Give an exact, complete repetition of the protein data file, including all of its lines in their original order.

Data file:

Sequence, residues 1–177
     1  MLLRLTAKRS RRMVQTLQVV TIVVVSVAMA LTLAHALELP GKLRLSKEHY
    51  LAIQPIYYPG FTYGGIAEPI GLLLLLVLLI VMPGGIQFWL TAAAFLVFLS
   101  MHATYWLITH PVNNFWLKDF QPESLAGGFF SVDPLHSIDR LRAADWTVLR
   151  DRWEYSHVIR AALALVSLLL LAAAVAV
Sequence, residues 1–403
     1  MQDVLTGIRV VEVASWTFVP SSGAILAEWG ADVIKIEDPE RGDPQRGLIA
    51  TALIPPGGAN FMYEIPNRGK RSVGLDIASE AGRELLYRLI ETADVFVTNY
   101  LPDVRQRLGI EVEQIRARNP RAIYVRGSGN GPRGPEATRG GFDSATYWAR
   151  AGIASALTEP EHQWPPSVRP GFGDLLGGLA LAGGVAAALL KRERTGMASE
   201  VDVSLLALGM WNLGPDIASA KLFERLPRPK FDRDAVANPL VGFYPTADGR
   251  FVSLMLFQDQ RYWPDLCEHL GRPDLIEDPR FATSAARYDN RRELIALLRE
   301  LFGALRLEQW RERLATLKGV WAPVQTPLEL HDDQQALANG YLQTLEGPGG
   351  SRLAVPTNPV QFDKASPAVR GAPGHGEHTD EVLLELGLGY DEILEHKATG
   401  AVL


Sequence, residues 1–177
     1  MLLRLTAKRS RRMVQTLQVV TIVVVSVAMA LTLAHALELP GKLRLSKEHY
    51  LAIQPIYYPG FTYGGIAEPI GLLLLLVLLI VMPGGIQFWL TAAAFLVFLS
   101  MHATYWLITH PVNNFWLKDF QPESLAGGFF SVDPLHSIDR LRAADWTVLR
   151  DRWEYSHVIR AALALVSLLL LAAAVAV
Sequence, residues 1–403
     1  MQDVLTGIRV VEVASWTFVP SSGAILAEWG ADVIKIEDPE RGDPQRGLIA
    51  TALIPPGGAN FMYEIPNRGK RSVGLDIASE AGRELLYRLI ETADVFVTNY
   101  LPDVRQRLGI EVEQIRARNP RAIYVRGSGN GPRGPEATRG GFDSATYWAR
   151  AGIASALTEP EHQWPPSVRP GFGDLLGGLA LAGGVAAALL KRERTGMASE
   201  VDVSLLALGM WNLGPDIASA KLFERLPRPK FDRDAVANPL VGFYPTADGR
   251  FVSLMLFQDQ RYWPDLCEHL GRPDLIEDPR FATSAARYDN RRELIALLRE
   301  LFGALRLEQW RERLATLKGV WAPVQTPLEL HDDQQALANG YLQTLEGPGG
   351  SRLAVPTNPV QFDKASPAVR GAPGHGEHTD EVLLELGLGY DEILEHKATG
   401  AVL